AASU hopes to collaborate with teachers, psychologists and education specialists to implement a curriculum that would teach topics related to racism against Asian Americans. Although the project is still in formulation, Hmelar hopes that it will help teachers handle these situations by learning about issues such as microaggressions and how to address them.
“From my experience, it’s not a lack of wanting to learn,” Hmelar said. “It’s the lack of resources on how to deal with these situations. Teachers and administrators, they’ve been wanting to improve. They want to deal with these issues. It’s just a matter of finding what the students need from them and how they can deal with it.”
As with AASU presidents, Wu has worked to find ways to spread her perspective on anti-Asian violence, focusing on the medium of digital art. Her recent digital photo collage reflects on the March 16 Atlanta Spa Shootings, white supremacy and the way that white men exploit their power to hurt Asian women.
“It’s really considering ‘how do you think race is affecting your peers?’” Wu said. “Especially when that part of our identity is something that can play a part in our safety. I do think it’s something that mentally has been kind of heavy on me and just thinking about it all day and seeing it in the news cycle is something that is scary to me.”
Another student who has taken up the effort to address racism against Asian Americans is Amanda Sun, the founder of the Instagram account @tellasianstories and a Dartmouth College sophomore. With her account, Sun aims to provide a platform for Asian Americans to anonymously share their experiences, positive or negative, with a wider audience.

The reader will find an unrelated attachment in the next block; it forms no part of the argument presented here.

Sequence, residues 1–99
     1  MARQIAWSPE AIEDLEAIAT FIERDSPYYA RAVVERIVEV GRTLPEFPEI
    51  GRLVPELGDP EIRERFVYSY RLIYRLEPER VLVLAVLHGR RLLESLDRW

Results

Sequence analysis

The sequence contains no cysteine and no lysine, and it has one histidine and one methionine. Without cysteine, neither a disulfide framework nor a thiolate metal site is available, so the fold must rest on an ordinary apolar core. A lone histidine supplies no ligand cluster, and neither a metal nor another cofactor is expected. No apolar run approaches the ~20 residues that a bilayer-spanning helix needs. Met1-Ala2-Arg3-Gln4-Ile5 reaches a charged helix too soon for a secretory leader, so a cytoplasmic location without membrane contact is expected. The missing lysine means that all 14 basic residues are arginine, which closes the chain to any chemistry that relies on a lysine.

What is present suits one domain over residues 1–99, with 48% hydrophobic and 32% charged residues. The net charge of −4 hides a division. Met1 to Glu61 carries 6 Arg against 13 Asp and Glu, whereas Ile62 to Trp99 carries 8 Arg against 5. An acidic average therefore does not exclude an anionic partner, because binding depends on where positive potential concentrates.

“Our goal with this is mainly to disrupt this model minority myth — that idea that Asians are very successful in this country and don’t deal with racism,” Sun said.
As a Chinese American, Sun observed that many other Asian Americans have had similar experiences, inspiring her to create a way to further the conversation about Asian American stereotypes and racism.
“Even though … where I live in Sunnyvale, it’s very diverse and full of immigrants, there’s a lot of racism — just under the surface,” Sun said. “And I think it’s important to keep this in mind because it keeps us on our toes, and I think that’s important because there’s still work to be done.”
Representation in careers
Palo Alto City Council member Greg Tanaka was present at the March 21 Town and Country Village rally to protest against hate crimes against the AAPI community, and believes that there needs to be more Asian representation in politics. According to Tanaka, when he first ran for office, his father did not donate to his campaign because he did not believe Asians should be involved in politics.